This evolutionary variant on Jekyll & Hyde isn’t the greatest sci-fi for Jack Arnold to go out on, but it does have its moments, particularly the excellent use of library music which carries the action, and the hilariously corny dialogue that includes lines like:

‘That’s impossible. Nobody’s got a footprint like that’.
‘Unless it was someone who had strange hands too’.

After this film, director Jack Arnold dabbled in comedy (The Mouse That Roared with Peter Sellers), teen exploitation (High School Confidential), westerns and light sex comedies before heading to TV, where he helmed many a childhood favourite, including Gilligan’s Island and The Brady Bunch (he did the episode The Tiki Caves, which introduced me to a certain Mr Vincent Price), Wonder Woman and, oh dear, The Love Boat.

Monster on the Campus is out on DVD in the UK from Screenbound Pictures from 15 February 2016



The Jacques Rivette Collection | The French director’s most celebrated New Wave adventures restored

The Jacques Rivette CollectionFrom those fine purveyors of world cinema Arrow Academy comes the Jacques Rivette Collection, which brings together some of the director’s hardest to see works, each given a 2k restoration, newly translated and debuting on home video (Blu-ray and DVD) for the first time in UK.

Out 1 is one of the crowning achievements of Rivette’s remarkable career. Conceived as a television mini-series, this 13-hour monolith consists of eight feature-length episodes revolving around two theatre companies, blackmail and conspiracy. Multiple characters introduce multiple plotlines, weaving a rich tapestry across an epic runtime. Originally screened just the once in its full-length version in 1971, Out 1 was then re-conceived by Rivette as a four-and-a-half-hour feature and re-named Out 1: Spectre to acknowledge its shadow-like nature.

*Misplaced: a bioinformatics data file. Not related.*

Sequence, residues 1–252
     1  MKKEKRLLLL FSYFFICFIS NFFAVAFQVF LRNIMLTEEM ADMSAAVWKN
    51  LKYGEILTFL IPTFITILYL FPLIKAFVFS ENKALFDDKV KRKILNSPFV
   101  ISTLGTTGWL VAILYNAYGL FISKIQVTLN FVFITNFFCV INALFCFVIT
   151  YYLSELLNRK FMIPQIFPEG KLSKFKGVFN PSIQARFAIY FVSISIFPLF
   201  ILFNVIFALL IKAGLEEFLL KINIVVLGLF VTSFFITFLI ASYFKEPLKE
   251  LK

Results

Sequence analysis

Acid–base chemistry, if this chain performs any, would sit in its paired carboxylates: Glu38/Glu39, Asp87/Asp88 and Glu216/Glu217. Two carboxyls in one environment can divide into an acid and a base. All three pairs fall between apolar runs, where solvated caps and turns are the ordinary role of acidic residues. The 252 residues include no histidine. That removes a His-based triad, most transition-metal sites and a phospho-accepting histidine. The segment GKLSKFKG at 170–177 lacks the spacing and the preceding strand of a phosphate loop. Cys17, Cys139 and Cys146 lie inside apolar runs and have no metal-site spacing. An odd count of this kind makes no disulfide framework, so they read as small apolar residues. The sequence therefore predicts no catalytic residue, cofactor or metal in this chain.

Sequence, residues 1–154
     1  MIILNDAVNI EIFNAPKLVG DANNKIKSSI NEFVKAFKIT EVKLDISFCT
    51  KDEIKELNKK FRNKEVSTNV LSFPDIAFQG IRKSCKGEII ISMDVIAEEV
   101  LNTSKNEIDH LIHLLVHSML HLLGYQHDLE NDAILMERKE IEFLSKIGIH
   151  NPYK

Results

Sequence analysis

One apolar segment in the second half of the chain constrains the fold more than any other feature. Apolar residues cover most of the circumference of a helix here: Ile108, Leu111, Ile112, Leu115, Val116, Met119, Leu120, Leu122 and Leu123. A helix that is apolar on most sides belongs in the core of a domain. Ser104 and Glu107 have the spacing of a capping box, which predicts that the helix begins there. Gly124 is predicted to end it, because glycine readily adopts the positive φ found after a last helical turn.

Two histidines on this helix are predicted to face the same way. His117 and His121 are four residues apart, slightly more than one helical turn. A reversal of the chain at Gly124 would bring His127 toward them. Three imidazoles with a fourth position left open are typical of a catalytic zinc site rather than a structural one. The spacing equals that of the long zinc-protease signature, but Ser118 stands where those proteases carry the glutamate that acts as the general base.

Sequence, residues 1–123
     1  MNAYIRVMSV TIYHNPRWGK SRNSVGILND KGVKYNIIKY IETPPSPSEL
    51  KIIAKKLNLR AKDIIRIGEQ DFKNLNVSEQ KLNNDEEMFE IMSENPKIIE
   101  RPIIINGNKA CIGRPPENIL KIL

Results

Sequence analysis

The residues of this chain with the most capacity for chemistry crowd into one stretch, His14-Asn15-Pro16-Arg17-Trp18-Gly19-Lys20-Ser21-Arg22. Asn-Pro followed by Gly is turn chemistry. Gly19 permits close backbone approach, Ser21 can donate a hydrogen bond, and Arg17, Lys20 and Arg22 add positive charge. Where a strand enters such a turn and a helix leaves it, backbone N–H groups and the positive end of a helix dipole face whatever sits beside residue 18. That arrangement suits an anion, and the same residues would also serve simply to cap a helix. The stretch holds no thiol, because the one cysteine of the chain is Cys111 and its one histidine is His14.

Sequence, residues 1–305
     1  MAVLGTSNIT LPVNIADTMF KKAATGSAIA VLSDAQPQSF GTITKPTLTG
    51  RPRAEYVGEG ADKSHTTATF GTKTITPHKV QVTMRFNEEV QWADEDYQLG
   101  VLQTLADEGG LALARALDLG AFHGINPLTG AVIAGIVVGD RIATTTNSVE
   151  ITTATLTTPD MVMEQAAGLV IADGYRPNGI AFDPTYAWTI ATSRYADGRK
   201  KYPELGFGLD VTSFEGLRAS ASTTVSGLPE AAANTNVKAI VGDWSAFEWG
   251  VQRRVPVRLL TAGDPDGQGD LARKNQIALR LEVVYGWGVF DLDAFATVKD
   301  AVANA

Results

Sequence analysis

Complementing Out 1 are two ‘parallel films’, Duelle (une quarantaine) and Noroît (une vengeance). The former sees Rivette head into fantasy territory: the Queen of the Sun (Bulle Ogier) and the Queen of the Night (Juliet Berto) search for a magical diamond in present-day Paris. The latter is a loose adaptation of The Revenger’s Tragedy and a pirate tale, starring Geraldine Chaplin. Also included is Merry-Go-Round, in which Joe Dallesandro and Maria Schneider are summoned to Paris, kick-starting the most surreal of all Rivette’s mysteries.


Arrow Academy’s limited edition Blu-ray/DVD box-set (only 3000 copies) includes the following bonus features…
The Mysteries of Paris: Jacques Rivette’s Out 1 Revisited – a brand-new feature length documentary featuring interviews with the cast and crew, and director Jacques Rivette.
Scenes from a Parallel Life: Jacques Rivette Remembers – archive interview with the director, in which he discusses Duelle, Noroît and Merry-Go-Round.
• Interview with critic Jonathan Rosenbaum, who reported from the sets of both Duelle and Noroît.
• Collector’s book containing new writing on the films.


M is for…

A Magnificient Haunting (2012)
Fritz Lang’s M (1931)
Fritz Lang’s Metropolis (1927) – Reconstructed
Machete (2010)
Machete Kills (2013)
Mademoiselle (1966)
Madhouse (1981)
Magic (1978)
Magician: The Astonishing Work of Orson Welles (2014)
Man With A Movie Camera – HD (1929)
Man With A Movie Camera (1929)
Man with the X-Ray Eyes (1963)
Manborg (2011)
Maniac (2013)
Mark of the Devil (1970)
Martin (1977)
Mean Streets (1973)
Melody (1971)
Memoirs of a Survivor (1981)
Michael (1924)
Midnight Son (2011)
Mildred Pearce (1945)
Mindwarp (1990)
Miracle in Milan (1951)
Miss Leslie’s Dolls (1973)
Model for Murder (1959)
Monkey Shines (1988)
Monster (2016)
Monster on the Campus (1959)
Mood Indigo (2013)
More (1969)
Mothra (1966)
Mr Moto – The Peter Lorre Film Series
Mr Vampire (1985)
Multiple Maniacs (1970)